We enrolled a total number of n = 17 PD patients (Table 1) with an average age of 61.4 ± 6,2 yrs. Disease duration was 15.76 ± 2.86 yrs with an average DBS duration of 3.29 ± 2.73 yrs. n = 3 patients had a device from Abbott® and n = 5 from Boston Scientific®, each of them with segmented electrodes. n = 9 patients had a device from Medtronic® with unsegmented electrodes. In order to compare the original stimulator settings, a result of our clinical standard programming strategies (7) (setting #1) with the VAS-based adjusted IPG setting (setting #2), we subjected each patient to a VAS-based re-programming of their stimulator, and recorded the respective VAS results for each contact and amplitude (Figure 1). This resulted in 7 distinct VAS values (o,5-1-1,5-2-2,5-3-3,5 mA) for each of the tested contacts (Supplementary Figures 1A,B) that were recorded separately. In order to avoid habituation, each patient was presented with random combinations of contacts and amplitudes. An example of sequential of IPG adjustments is illustrated in Supplementary Table 2. When we compared the selected current from our clinical standard program (setting #1) with the current from VAS-based programming (setting #2), we found no significant difference, thus indicating that on average patients chose similar stimulation amplitudes as clinicians would (Figure 2A). Likewise, we found no significant difference between the ring level heights (1–4) between the two distinct settings, thus suggesting that patients also select similar electrode levels, when following their subjective rating (Figure 2B). However, these measures represent only average differences and may not be suitable to illustrate the overall similarity between two different IPG setting. In order to generate a compound value that integrates electrode level and amplitude, we therefore calculated Minkowski distances (Md) for the selected contacts in setting #1 and #2, respectively (Figure 2C). In accord with our previous results, we found a very low Md for both settings with 9 patients having chosen the very same electrode level (height), of which 6 patients have even chosen the same contact on segmented leads. Taken together, our results thus suggest that VAS-based programming leads to comparable results in regard to the amplitude and electrode contact as compared to our clinical standard programming.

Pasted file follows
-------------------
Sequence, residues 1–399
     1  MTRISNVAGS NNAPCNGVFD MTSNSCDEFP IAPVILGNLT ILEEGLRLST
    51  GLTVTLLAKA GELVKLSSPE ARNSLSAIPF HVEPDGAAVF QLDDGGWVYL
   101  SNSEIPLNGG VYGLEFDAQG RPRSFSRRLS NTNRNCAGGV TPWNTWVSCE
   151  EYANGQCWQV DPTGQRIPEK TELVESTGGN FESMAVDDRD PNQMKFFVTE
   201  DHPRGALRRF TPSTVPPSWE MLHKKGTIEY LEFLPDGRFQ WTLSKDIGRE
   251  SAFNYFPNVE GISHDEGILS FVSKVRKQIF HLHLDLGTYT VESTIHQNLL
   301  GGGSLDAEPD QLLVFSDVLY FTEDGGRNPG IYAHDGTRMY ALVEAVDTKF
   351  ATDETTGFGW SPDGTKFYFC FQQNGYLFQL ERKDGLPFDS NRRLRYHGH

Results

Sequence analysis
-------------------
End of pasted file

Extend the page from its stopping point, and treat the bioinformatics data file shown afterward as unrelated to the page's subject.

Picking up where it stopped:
Table 1. Table summarizing the demographical and device-associated characteristics of the study subjects prior to and subsequent to VAS-based DBS adjustment.